of Colleges of Nursing states, "Graduates of accelerated programs
are prized by nurse employers who value the many layers of skill
and education these graduates bring to the workplace."
The association also reports that agencies are partnering with
schools of nursing and offering scholarships to students as a means
for recruiting highly qualified nurses. Thompson and several of
her classmates have received $5,000 scholarships from the Foundation
for Healthy Communities in Concord in exchange for a commitment
to teach nursing courses within Registered Nurse programs in New
Hampshire following their graduation.
The Foundation for Healthy Communities is a nonprofit corporation
that exists to improve health and health care, and includes New
Hampshire hospitals, health plans, clinicians, home care agencies
and public policy leaders.
The need for nurses with master's and doctoral degrees to fill
faculty positions is also critical, as more students are applying
to nursing programs, but not enough teachers are available to meet
Students in the UNH program spend Tuesdays and Wednesdays in
the classroom under the guidance of university faculty, and Thursdays
and Fridays in clinical settings throughout the state. The hospitals
currently being used include Elliot Hospital in Manchester, Catholic
Medical Center in Manchester, Portsmouth Regional Hospital, and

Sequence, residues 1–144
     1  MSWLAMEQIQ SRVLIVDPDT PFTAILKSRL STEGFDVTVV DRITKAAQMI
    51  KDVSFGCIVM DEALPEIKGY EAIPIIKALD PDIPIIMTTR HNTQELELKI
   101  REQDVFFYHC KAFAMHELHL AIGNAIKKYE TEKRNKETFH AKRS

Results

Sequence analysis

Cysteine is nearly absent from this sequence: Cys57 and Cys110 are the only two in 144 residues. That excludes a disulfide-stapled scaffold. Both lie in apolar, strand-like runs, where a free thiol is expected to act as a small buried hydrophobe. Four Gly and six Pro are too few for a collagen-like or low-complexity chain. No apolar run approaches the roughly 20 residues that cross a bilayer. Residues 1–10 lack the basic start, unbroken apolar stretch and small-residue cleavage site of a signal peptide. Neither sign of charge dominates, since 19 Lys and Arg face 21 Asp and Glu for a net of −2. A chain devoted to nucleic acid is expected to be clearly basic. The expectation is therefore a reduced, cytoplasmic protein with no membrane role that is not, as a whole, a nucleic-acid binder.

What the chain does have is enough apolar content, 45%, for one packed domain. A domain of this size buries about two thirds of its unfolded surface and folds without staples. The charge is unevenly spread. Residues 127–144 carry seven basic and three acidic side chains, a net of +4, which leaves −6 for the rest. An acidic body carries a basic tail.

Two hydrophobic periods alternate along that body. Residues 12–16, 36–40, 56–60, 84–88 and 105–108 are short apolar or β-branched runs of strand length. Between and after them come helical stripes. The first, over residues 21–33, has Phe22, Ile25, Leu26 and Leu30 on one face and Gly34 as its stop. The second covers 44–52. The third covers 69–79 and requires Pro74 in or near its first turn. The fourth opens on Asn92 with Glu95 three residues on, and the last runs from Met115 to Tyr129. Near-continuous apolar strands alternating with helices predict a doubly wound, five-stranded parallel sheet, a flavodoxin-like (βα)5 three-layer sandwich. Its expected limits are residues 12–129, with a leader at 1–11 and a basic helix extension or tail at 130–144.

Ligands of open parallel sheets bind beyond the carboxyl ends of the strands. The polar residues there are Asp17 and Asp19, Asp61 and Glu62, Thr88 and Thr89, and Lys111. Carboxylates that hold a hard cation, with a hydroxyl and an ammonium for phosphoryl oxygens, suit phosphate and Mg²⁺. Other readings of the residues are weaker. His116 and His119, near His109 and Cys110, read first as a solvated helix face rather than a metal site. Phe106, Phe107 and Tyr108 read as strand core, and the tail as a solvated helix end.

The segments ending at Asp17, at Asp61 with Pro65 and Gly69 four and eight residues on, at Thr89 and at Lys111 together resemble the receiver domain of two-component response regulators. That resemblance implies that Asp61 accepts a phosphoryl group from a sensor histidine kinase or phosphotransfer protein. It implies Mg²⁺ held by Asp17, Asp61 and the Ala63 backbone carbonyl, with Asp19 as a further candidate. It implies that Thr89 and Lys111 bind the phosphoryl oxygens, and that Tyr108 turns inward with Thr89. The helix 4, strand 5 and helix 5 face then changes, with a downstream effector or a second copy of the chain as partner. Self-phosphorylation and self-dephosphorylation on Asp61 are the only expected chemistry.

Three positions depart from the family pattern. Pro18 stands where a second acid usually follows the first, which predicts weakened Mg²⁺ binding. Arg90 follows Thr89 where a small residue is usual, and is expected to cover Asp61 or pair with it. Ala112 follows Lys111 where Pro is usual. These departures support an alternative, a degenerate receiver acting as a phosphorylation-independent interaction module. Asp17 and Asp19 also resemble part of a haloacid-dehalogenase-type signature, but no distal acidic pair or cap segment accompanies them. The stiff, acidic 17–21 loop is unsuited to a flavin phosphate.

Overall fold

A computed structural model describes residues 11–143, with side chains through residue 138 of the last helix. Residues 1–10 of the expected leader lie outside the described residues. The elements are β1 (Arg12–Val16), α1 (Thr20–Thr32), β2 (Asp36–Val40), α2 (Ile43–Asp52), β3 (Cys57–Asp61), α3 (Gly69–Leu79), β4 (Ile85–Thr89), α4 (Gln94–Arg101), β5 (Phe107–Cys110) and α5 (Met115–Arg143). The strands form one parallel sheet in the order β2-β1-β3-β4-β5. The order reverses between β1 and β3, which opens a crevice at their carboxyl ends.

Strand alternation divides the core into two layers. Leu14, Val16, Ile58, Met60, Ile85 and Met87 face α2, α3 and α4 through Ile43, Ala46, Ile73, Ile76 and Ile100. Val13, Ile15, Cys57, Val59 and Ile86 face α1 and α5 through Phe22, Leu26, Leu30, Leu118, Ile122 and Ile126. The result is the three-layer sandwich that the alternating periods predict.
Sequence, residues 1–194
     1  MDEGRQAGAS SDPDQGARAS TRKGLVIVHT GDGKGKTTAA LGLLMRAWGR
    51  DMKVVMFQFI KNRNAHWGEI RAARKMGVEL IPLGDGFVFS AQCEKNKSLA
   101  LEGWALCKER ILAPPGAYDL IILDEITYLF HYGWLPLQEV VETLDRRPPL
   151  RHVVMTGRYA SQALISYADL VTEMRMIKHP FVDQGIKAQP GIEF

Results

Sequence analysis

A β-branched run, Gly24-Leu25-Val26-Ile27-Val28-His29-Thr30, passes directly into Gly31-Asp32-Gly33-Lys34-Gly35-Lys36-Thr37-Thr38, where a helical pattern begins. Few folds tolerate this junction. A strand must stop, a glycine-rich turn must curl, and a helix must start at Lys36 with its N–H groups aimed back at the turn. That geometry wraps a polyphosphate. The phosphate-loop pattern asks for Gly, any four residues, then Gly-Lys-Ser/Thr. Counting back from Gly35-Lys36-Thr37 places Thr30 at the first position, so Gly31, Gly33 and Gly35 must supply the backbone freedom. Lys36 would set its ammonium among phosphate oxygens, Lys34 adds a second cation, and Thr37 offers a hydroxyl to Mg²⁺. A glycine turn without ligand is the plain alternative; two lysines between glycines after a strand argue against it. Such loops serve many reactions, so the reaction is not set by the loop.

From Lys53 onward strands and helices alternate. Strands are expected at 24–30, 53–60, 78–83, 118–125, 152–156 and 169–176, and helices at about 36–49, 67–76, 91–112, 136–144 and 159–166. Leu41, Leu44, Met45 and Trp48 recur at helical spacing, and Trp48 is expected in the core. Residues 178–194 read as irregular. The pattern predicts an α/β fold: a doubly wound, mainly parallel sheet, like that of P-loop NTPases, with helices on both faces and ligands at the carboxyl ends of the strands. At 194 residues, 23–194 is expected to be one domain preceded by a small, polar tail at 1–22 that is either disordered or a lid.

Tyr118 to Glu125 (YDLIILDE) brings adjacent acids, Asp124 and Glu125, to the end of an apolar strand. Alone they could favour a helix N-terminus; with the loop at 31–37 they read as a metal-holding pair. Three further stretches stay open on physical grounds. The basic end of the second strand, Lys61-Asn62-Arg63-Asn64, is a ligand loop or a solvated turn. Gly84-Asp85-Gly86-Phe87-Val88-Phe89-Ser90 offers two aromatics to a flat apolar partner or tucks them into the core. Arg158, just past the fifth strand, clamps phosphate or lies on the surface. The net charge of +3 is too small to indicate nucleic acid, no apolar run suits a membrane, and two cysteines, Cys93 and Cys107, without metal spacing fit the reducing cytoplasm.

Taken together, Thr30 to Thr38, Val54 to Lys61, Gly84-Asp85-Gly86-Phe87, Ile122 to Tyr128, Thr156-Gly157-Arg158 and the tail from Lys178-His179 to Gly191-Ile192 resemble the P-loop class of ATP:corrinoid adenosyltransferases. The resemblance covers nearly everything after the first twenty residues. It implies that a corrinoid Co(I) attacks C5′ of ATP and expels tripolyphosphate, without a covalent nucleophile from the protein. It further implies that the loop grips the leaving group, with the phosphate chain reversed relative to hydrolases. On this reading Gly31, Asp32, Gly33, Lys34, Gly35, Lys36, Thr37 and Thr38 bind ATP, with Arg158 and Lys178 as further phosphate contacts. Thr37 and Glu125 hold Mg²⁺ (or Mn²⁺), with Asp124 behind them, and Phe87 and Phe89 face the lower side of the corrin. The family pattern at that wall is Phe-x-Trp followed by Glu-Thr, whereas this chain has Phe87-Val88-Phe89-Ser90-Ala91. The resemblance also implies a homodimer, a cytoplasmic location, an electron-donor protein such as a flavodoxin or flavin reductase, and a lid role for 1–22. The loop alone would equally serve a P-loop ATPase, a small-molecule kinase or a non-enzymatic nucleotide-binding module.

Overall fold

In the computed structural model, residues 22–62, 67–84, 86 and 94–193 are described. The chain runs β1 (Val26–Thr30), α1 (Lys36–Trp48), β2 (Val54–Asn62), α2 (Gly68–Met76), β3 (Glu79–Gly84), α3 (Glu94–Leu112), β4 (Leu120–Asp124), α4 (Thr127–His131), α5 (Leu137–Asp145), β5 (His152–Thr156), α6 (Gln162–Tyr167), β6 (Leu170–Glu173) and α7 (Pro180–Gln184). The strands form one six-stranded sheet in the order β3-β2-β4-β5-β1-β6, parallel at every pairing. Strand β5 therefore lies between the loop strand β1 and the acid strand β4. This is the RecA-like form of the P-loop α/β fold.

Southern New Hampshire Medical Center in Nashua. The students will
participate in a variety of clinical experiences at various clinical
Student Steve Abbott, 44, of Dover says coming back to school
full-time presents its personal challenges, as he and many of his
classmates are juggling families with studies. Even so, he says, "I'm
amazed how quickly I could get back into the swing of school. The
insecurity of finances kept me from doing it sooner, but it's manageable.
I'm very pleased with my decision. It feels like the right thing."
Thompson agrees, and says even her nursing training has provided
her with the personal fulfillment she didn't feel in her previous
profession. She says she will never forget her first patient -
an elderly man she cared for through surgery and then again during
a home visit after discharge.
"I know I made a difference in his life," Thompson
says. "I know I made the right decision to become a nurse."
UNH's Department of Nursing is one of the oldest and largest
departments within the School of Health and Human Services. As
the only four-year public nursing program in New Hampshire, the
department is committed to providing leadership in nursing education
and practice in the state and region.
The department is fully accredited by the Commission on Collegiate
Nursing Education. In addition to the baccalaureate programs the
university offers a nursing master's degree with programs leading
to family and adult nurse practitioners as well as clinical nursing
UNH will hold an information session for those interested in
learning more about the direct entry master's in nursing program.
It will take place May 17 from 5 to 7 p.m. in Hewitt Hall on the
Durham campus. For room location or additional information, contact
Patty Jarema at (603) 862-2395 or at firstname.lastname@example.org
or visit www.unh.edu/nursing.